New Orleans' Trees Hit by Katrina Face Uncertain Outlook

Sara Goudarzi
for National Geographic News
April 27, 2006

Trees everywhere are sprouting new leaves and blossoms for Arbor Day, celebrated in the United States this year on April 28. But many of New Orleans' trees won't be showing off their crowning glory.

When Hurricane Katrina made a devastating hit on New Orleans last August, many trees were weakened, sheared, or uprooted. But given the severe damage to the city's homes and residents, the trees were the last thing on people's minds.

Now, eight months after the hurricane, a change in the city's landscape is evident.

Living History

New Orleans is home to some of the largest collections of mature trees in the world. The city contains nearly 50 species, including magnolia, pine, live oak, bald cypress (Louisiana's official state tree), and red maple.

These native trees are important not only for humans but also for many birds, which depend on the habitats for feeding and nesting.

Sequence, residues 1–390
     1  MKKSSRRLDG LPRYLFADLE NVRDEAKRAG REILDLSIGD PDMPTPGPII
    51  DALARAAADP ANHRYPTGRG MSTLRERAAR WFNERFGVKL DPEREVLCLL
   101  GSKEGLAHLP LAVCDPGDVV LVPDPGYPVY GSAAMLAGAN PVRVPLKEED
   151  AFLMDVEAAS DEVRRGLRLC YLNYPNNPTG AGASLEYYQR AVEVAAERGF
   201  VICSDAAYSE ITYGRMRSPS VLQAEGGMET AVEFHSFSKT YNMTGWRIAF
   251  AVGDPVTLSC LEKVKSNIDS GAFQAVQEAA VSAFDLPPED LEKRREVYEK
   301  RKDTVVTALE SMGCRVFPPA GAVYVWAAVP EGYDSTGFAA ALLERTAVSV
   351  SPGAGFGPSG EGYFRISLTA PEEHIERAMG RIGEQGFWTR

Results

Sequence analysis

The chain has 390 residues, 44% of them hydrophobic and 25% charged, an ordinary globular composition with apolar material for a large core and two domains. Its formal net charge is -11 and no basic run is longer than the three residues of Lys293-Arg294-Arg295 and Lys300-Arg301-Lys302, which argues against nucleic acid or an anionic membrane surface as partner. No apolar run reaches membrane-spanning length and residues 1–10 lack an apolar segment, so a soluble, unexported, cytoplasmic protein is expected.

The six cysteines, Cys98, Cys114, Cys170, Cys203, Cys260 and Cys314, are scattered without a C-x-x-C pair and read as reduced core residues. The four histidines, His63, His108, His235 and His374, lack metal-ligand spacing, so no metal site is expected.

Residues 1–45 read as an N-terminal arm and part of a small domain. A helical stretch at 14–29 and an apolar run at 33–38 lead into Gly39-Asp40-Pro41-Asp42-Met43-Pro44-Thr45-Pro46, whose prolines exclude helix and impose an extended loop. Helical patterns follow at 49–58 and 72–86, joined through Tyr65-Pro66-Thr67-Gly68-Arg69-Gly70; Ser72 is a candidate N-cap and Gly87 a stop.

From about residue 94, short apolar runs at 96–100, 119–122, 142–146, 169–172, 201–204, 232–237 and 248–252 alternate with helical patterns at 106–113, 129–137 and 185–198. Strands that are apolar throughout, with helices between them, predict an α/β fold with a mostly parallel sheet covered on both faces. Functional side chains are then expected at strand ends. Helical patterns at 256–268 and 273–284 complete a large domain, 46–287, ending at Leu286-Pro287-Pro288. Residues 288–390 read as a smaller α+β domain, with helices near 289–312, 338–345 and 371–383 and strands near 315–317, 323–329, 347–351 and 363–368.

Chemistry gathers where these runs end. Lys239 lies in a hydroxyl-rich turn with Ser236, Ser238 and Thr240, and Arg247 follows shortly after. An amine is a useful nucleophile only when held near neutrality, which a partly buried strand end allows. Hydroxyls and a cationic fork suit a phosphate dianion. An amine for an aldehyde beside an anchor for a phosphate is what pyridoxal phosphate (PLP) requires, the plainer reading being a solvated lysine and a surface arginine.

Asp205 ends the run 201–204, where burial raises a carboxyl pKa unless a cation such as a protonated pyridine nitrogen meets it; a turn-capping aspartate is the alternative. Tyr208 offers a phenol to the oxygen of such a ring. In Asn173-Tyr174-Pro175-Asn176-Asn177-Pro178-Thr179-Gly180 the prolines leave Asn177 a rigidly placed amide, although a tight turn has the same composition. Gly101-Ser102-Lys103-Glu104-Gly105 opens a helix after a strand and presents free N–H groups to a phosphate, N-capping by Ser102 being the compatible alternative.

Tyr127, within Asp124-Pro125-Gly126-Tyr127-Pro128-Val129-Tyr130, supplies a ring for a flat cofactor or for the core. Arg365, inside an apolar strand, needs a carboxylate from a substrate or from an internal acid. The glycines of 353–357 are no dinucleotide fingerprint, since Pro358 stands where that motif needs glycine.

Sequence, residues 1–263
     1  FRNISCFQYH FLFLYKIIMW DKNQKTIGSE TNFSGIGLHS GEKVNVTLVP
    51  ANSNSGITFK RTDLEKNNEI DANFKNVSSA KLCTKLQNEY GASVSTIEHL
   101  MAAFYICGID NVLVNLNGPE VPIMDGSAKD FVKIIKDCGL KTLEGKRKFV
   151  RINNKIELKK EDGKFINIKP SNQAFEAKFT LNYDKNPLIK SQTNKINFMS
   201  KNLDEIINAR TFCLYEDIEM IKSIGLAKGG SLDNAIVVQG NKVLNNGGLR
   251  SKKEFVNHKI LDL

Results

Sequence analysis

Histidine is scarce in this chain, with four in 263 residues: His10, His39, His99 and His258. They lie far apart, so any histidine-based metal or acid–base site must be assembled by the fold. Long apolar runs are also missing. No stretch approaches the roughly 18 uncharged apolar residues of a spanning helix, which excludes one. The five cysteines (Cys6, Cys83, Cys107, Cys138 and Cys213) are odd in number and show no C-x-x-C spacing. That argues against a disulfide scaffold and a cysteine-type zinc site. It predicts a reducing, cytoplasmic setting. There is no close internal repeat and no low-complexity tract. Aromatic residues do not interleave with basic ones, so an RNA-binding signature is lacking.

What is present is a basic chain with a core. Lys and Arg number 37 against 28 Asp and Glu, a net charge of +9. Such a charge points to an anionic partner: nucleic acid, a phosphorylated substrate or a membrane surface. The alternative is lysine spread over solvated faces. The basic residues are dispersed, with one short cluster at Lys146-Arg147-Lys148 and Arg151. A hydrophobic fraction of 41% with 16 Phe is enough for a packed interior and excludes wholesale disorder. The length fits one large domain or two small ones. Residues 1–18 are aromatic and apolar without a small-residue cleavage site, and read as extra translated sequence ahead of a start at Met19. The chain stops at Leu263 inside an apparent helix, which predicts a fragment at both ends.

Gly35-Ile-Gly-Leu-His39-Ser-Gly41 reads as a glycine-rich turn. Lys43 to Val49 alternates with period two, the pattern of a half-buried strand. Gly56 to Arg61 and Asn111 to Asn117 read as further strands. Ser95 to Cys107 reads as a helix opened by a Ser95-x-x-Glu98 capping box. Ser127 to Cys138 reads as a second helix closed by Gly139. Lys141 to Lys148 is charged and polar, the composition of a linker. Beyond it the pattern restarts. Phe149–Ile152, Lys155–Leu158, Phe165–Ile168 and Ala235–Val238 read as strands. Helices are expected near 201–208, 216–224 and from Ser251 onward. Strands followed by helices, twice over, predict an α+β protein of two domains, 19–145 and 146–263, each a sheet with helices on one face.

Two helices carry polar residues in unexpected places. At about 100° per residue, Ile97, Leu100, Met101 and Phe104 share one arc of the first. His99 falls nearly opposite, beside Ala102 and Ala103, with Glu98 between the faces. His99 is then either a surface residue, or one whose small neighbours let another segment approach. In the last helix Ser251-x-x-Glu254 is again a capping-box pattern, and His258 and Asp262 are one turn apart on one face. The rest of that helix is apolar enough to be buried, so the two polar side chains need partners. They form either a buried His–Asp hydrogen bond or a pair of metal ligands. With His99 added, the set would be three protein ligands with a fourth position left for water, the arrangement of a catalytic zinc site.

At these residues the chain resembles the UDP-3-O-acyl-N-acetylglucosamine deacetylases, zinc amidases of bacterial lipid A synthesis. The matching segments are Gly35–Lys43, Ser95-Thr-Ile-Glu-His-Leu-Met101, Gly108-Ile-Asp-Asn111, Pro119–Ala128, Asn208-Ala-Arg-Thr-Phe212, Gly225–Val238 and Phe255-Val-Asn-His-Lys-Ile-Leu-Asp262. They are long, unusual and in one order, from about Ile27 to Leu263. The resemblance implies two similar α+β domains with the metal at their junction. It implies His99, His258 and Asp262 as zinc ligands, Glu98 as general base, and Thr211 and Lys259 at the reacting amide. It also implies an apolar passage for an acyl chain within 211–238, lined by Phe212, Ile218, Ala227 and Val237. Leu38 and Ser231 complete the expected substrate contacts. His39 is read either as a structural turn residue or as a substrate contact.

"We have many, many significant historic trees," said Tom Campbell of the Louisiana Department of Agriculture and Forestry. "Fortunately, the backbone of the great live oaks still exists."

The picture people have of the urban forest of New Orleans is attributed to the live oaks—a species that stays green and live during the winter months when other oaks are dormant and appear lifeless.

"That image of New Orleans will survive," Campbell said.

However, many of the other trees did not withstand the storm as well as the live oaks.

After Katrina, much of New Orleans sat in water for two to three weeks. That affected the majority of the city's trees, and the water oaks suffered the most.

"Two-thirds of the city lost every magnolia tree, which affects the character of the tree canopy greatly," Campbell said. "It looks like the dickens."

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